Recently I read that madness is linked to creativity and it got me to thinking. In my teens and early 20’s I was able to crank out music, essays, and a whole host of other avenues for creativity. I was cloaked in my madness. In my early 20’s I decided to fully embrace the self-knowledge process that had been building up inside me. I began going to therapy. I sought out the very best therapists. I journaled for thousands and thousands of hours. I even trained as a therapist! I became extremely proficient at resolving madness. And lo and behold, some of my creativity has waned.
People who have lots of madness, or “trauma”, have a yearning burning pain inside them that tells them to justify themselves to the world. These people seek out rescue or revenge. They don’t accord to reality. A whole host of emotions can simply GRIP them at any moment, and, the more mad they are, for more and more reasons. I am simply not this way anymore.
This doesn’t mean that I am uninspired. It simply means that I don’t have to codify, say, the pain of my mother’s abandonment into some song. I’m not confused about love and can’t sing, “I love you even when you hurt me, baby.” I can’t create a cacophonous rap beat and rhyme over it about how a woman has a big ass and I should drink less tonight. I can’t write a murder mystery novel about some fat suburbanites who take a break from Netflix to play out their fantasies.
Okay, maybe that last one would be interesting to develop.
Doing so much therapy has made me see the immaturity in so much of the creativity that passes for “popular” these days. I see how these artists could self-reflect a bit and the entirety of their persona would have to shift. They’d mourn how awful they’ve been to themselves and how unfulfilled their obsessions have left them. But they’d also have a harder time simply gacking out creativity in spades. There’d be less narcissism to have to justify to others.
The more I understand myself, the more I understand the great masters who maintained a deeply introspective life while still pursuing creativity. They are far fewer and further between than I’d imagined but their presence in the Western canon is undeniably felt. They maintained their creativity through discipline.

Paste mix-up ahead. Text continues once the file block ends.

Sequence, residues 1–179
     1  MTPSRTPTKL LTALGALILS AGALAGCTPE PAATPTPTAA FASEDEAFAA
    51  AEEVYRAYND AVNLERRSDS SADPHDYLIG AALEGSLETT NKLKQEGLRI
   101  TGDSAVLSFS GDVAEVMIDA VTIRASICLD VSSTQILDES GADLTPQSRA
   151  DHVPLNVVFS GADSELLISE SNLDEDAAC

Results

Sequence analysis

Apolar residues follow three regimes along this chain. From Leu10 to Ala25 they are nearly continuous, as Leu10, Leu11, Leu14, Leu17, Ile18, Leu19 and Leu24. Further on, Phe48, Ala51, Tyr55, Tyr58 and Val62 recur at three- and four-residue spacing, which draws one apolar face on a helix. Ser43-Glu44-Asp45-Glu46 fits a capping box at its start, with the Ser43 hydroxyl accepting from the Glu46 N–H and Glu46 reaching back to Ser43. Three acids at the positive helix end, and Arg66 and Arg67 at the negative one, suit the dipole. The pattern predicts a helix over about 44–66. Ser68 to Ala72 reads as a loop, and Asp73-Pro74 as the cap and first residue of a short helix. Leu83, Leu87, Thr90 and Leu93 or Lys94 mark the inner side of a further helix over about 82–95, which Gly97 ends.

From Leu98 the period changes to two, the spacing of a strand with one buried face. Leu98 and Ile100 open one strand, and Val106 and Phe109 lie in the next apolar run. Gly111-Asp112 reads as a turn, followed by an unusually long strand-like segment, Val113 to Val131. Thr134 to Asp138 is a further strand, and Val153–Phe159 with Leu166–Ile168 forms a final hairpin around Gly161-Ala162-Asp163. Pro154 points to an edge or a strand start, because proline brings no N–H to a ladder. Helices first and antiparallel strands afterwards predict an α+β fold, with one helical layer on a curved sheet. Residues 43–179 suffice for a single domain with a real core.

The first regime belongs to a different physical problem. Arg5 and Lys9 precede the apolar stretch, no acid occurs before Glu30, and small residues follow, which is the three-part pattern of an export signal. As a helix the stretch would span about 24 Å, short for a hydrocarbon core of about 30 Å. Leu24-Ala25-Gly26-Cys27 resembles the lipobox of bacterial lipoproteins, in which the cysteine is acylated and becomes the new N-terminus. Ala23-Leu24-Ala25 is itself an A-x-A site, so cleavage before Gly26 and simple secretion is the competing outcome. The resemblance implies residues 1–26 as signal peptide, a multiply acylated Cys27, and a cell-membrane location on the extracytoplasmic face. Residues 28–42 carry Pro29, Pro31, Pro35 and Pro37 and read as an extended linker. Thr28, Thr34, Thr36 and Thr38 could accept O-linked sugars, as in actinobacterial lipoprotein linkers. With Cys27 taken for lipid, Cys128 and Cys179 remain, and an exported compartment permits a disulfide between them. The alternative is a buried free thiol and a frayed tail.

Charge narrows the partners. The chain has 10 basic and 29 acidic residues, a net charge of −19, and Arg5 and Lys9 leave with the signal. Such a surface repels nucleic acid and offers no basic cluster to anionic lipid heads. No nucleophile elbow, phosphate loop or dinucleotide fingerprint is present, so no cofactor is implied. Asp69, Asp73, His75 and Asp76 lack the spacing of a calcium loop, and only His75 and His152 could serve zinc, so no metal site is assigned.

This means they kept a daily practice. Some recorded their dreams. Most went on long walks. Some retreated deep into the mountains to get space from the bigotry of the unreflective masses. Some stayed in the cities and kept to strict routines.
Whatever it was they did, they kept to a discipline.
I’ll write a few of the practical things I do to maintain my creativity:
-remember my dreams and often write them down
-follow my convictions and hunches as often and intensely as possible
-disregard people who I view as inauthentic or manipulative
-socialize with people who inspire me
-keep a daily journal
-write creative ideas as they come up
-exercise every day
-set aside time every morning to be creative
-sing and dance 3–4 times a week
-live in the mountains
-limit my use of the Internet
-keep my use of social media purposeful in the service of my mission
-consume moving, meaningful art almost exclusively
-take 3 or 4 trips a year to break up my routine
-GET GOOD SLEEP
I have also almost completely stopped consuming “self-help” and psychology books. Knowing how to resolve trauma honestly and effectively is about the most difficult, esoteric skill to divine out of all that stuff.
Anything beyond this one difficult skill is simply variations on, “In order to be successful you have to develop a well-ordered discipline and network with others in your field.” Rinse and repeat. At this point, I feel I only need a reminder now and then. Otherwise, there’s simply the work in front of me.
Do the work, reap the rewards. It’s that simple. My destiny is in my own hands.